crab beds, reducing their abundance (Martinetto et al. 2005). indicator of anthropogenic impacts (Barros 2001, Turra et al.
Regarding population and reproductive cycles, studies of U. 2005, Blankensteyn 2006, Neves & Bemvenuti 2006) have been
rapax suggest that females might remain in their burrows during studied. However, the natural diet and the predators of this crab
the incubation period (Castiglioni & Negreiros-Fransozo 2005, had not yet been considered in more detail along our coast.
Castiglioni & Negreiros-Fransozo 2006a, Castiglioni & Ocypode quadrata has received special attention, mainly in
Negreiros-Fransozo 2006b, Castiglioni et al. 2007). North America, regarding its biology and distribution (Sawaya
Sandy beach ecosystems dominate the coastlines of the 1939, Phillips 1940, Wolcott 1978), reproduction (Haley 1969,
world (McLachlan & Brown 2006). These natural habitats are Haley 1972, Williams 1984), feeding habits (Fales 1976, Wolcott
being destroyed at an accelerating rate as a result of rapidly ex- 1978, Trott 1999, Robertson & Williams 1982) behavior
panding human populations (Defeo et al. 2009). Sandy beaches (Sawaya 1939, Phillips 1940, Milne & Milne 1946), running ca-
become increasingly overexploited for the consumption of nat- pabilities (Perry et al. 2009), and impact of car traffic and bather
ural resources as humans shift toward the coast (Roberts & treading along the beach (Steiner & Leatherman 1981, Wolcott
Hawkins 1999). As an inevitable consequence of economic ex- & Wolcott 1984, Moss & McPhee 2006).
pansion, intensive coastal development results in widespread Recent discovery of Holocene to Pleistocene fossils of
modification of the beach ecosystems. It thus becomes critical to O. quadrata in Florida (Portell et al. 2003) have led to new
understand how sandy beach ecosystems and their natural insights regarding the biology of these crabs. These semiterres-
products function and respond to such unprecedented environ- trial crabs need to wet their gills in the surf zone after high tides
mental change (Defeo et al. 2009). It also becomes important to have receded. O. quadrata is able to extract interstitial water from
understand how these sand communities compare with the damp sand (Wolcott 1976). They also burrow into the high-level
equally endangered intertidal wetlands (Valiela et al. 2004). dune sand to seek protection from predators. These 2 distinct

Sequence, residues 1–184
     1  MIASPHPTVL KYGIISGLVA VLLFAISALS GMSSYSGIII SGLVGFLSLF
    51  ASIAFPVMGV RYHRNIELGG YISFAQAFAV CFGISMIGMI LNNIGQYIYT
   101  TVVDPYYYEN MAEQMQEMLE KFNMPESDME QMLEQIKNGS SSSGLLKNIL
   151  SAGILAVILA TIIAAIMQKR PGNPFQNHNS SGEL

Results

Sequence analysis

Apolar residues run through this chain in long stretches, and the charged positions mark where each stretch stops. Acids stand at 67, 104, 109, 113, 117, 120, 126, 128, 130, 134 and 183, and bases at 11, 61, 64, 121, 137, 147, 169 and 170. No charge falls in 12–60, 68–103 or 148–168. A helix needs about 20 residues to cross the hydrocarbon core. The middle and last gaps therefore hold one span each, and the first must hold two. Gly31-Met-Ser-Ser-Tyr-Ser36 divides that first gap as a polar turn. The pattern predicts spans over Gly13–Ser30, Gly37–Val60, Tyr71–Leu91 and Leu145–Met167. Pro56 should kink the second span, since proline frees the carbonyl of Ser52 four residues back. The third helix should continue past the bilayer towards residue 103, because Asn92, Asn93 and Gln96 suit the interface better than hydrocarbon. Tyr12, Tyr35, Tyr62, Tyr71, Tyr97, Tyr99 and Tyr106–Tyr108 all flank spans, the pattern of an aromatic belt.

Coastal areas, and particularly sandy beaches, are prime behavioral patterns are thought to have produced the ichnofacies
destinations for outdoor recreation activities, yet these zones Psilonichnus and Skolithos fossil traces, respectively (Martin 2006).
have diverse, dynamic, and, often, sensitive ecosystems (Beatley Knowledge of feeding habits of crabs is fundamental for the
et al. 2002). Visitors use and impact coastal beaches by driving understanding of their distribution patterns, migrations, and
off-road vehicles, walking on beaches or dunes, trampling the molting cycles (McLaughlin & Hebard 1961). Information on
vegetation, inducing soil erosion, and inflicting other drastic population structure, spatial distribution, form and disposition
changes on coastal habitats. Such anthropogenic effects repre- of burrows, natural diet, and the relative importance of pred-
sent an important and growing concern for coastal management. ators may be used as an instrument for evaluating the occupa-
Crabs of the genus Ocypode (Fabricius, 1787) are commonly tional impact and for conserving natural dune and beach
found along tropical and subtropical beaches around the world. environments along sandy coastal ecosystems.
They are represented in the western Atlantic by Ocypode quad-
rata, which occurs from Rhode Island (US) to Rio Grande do Sul MATERIALS AND METHODS
(Brazil) (Melo 1996). They build burrows in the supralittoral,
from the water level up to the hillside dunes (Rathbun 1918). Ocypode quadrata was sampled monthly from May 2003 to
Ocypode quadrata, popularly known as the ‘‘ghost crab’’ June 2004 at Praia Brava (26°55#56$S to 26°57’36$S;
(commonly as Maria-farinha or caranguejo-fantasma in Brazil), 48°37#38$W to 48°37#41$W), Itajaı́, Santa Catarina. The beach
BIOECOLOGY OF OCYPODE IN THE SOUTHWEST ATLANTIC 505

was divided into 7 equal-size longitudinal sections of 400 m; lower half of Figure 1; the transect is illustrated in the lower
each of these sections was divided transversally into a beach and right insert of Figure 1. This transect consists of 2 parallel sides
a dune area (Fig. 1, upper right insert). with a fixed distance of 1.00 m. The lengths of the transect